Our attendance on a Sunday morning has decreased some, but the number of people who are a part of our church hasn't. What gives? Several of the people who are a part of our church don't come as much as they used to.
Some people won't show for weeks at a time, and then we'll see them a bit. Some seem to be on an every-other-week schedule now.
I don't think that's healthy. I remember when Sara and I moved to Illinois. The day after we moved, I decided we wouldn't go to church that morning. We were too tired. We needed to get settled into our apt. Etc. (And this after God had worked several minor miracles to get us to Illinois in the first place!) I wouldn't make that decision now. I would go to church.
As a pastor, I pretty much have to be at church every Sunday. But even if I weren't, here would be my approach: I'd be in church, along with my family, every Sunday I could be, barring illness.
When a kid is sick, he should definitely stay home, for his own sake and the sake of others. As it turns out, given the nature of my relationship with our church, Sara always stays home with the sick kid (if they're too young to be by themselves). There's been times when she's missed 3 Sundays in a row as illnesses get passed around from kid to kid to her.
Corporate worship to me is more than just spending time with other like-minded believers. It is that, but it's spending time with other believers for a purpose (or several purposes). We gather together to edify one another, to build one another up in the faith.
A couple verses in tandem are key for me here: "But encourage one another daily, as long as it is called Today, so that none of you may be hardened by sin's deceitfulness" (Heb 3:13). "Let us not give up meeting together, as some are in the habit of doing, but let us encourage one another--and all the more as you see the Day approaching" (Heb 10:25).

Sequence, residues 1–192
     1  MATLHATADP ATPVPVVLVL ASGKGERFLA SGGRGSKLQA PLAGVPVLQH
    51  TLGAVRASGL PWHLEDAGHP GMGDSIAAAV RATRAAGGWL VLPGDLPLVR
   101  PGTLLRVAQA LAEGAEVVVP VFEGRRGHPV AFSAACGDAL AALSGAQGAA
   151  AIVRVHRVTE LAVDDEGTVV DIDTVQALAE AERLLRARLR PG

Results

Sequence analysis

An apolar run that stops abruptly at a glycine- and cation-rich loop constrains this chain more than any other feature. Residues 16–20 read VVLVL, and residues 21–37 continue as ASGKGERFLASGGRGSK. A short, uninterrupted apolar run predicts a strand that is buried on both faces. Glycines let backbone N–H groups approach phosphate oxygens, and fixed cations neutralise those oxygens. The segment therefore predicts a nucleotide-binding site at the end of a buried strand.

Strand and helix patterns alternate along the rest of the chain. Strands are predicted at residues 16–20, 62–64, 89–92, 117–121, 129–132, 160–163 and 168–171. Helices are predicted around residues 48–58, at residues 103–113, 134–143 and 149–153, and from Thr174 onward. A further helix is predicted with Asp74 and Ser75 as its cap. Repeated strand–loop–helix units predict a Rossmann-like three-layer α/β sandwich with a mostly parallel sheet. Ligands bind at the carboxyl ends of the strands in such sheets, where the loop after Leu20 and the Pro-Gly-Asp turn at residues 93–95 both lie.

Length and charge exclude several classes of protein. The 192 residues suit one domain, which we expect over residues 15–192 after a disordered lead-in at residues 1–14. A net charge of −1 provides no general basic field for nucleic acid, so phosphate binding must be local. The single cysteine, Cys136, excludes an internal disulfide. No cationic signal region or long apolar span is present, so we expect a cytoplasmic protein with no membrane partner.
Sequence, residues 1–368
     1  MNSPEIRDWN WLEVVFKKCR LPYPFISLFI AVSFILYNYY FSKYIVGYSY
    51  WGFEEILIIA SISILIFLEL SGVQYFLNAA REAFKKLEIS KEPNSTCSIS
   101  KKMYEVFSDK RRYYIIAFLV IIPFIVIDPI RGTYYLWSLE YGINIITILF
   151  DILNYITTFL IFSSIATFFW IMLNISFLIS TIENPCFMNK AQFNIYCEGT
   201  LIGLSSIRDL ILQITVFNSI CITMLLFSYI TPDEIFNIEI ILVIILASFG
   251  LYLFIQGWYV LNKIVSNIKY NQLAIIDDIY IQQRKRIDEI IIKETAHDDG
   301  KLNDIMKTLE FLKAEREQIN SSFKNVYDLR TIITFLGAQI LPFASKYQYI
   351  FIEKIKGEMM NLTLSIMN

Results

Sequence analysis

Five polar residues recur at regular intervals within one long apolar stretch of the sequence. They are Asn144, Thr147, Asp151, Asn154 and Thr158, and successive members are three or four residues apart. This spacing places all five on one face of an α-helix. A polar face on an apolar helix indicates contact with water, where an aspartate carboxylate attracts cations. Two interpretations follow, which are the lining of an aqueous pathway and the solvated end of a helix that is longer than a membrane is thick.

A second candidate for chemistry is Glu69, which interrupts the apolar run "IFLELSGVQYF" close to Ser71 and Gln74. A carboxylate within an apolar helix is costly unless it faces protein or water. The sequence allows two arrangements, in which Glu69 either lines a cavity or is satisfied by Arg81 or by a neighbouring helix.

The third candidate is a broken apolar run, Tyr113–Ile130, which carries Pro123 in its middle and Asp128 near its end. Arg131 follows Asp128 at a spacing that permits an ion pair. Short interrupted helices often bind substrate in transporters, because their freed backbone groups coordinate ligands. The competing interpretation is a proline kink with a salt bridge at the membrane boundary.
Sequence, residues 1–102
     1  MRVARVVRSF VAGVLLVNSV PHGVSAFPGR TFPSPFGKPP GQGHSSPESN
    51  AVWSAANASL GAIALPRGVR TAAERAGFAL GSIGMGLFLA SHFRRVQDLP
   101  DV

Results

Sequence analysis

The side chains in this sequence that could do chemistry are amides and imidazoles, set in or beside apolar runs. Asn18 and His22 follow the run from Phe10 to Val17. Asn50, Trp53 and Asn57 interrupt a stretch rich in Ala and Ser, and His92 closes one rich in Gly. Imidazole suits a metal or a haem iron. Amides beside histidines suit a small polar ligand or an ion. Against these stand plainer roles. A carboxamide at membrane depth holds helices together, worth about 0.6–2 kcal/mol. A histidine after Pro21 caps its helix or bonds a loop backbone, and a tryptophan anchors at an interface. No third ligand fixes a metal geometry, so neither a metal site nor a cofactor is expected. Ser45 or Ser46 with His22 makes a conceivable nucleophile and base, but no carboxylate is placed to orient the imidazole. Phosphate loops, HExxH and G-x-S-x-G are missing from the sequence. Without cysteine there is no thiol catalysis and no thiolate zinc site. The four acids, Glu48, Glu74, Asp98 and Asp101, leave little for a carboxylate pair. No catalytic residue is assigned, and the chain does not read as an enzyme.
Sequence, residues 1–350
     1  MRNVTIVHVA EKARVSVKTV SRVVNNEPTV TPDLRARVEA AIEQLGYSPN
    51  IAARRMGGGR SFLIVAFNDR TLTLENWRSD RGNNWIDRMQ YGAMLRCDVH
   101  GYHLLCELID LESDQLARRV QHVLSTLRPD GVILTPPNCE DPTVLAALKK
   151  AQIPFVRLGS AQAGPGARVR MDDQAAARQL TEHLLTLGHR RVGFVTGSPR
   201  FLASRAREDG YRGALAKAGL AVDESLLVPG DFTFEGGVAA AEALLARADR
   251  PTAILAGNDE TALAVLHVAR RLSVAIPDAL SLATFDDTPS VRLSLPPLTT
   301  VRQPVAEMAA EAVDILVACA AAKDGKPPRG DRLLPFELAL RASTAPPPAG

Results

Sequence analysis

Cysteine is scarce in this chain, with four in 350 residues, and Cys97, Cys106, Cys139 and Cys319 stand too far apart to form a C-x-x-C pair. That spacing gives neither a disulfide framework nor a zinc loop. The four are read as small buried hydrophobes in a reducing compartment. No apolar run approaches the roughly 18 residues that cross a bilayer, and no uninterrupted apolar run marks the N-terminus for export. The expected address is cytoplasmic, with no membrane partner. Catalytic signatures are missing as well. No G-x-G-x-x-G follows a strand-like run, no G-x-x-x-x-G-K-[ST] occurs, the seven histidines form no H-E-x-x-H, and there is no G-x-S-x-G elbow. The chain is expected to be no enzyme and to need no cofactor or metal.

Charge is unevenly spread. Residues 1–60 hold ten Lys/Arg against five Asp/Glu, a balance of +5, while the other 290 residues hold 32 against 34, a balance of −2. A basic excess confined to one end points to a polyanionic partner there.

The world around us, the daily grind, the secular people around us who are more passionate about the Superbowl or the latest video game or last night's reality TV show episode than Christ--these wear on our faith and are constantly working to shift our focus from spiritual eternal realities to earthly ephemeral ones. Being with God's people recharges our spiritual batteries (as do other things, like being in the Scriptures and prayer, etc.).
But even more than that, ultimately I go to corporate worship once a week for God, not for me. We gather together to worship him publicly. Worship is about him; it's about what he's done. He's done so much for us--everything--that we get up, get ready, scrape the windshield, drive to church, sit in the pew and worship--sing to him, pray to him, give to him, attend to his Word as it is read and as it is preached.
The Sabbath is to be different than the other days; it is to be "unto the Lord." The Israelites were to use it to remember their great redemption--when God brought them out of Egypt. We also use it to remember our redemption--when God atoned for our sins and reconciled us to himself through Christ.
He is my Master; I am his servant. He is my Savior; I am the one he saved. What right do I have to take a Sunday off and not come before him to worship as he has asked? What an affront?! What does that say to him?
Illness takes you out of the game. But you don't come to worship to sleep in? To hang out with the family? (Bring the family with.) To go to Cedar Point?
Church attendance is important. That's my take on it anyway.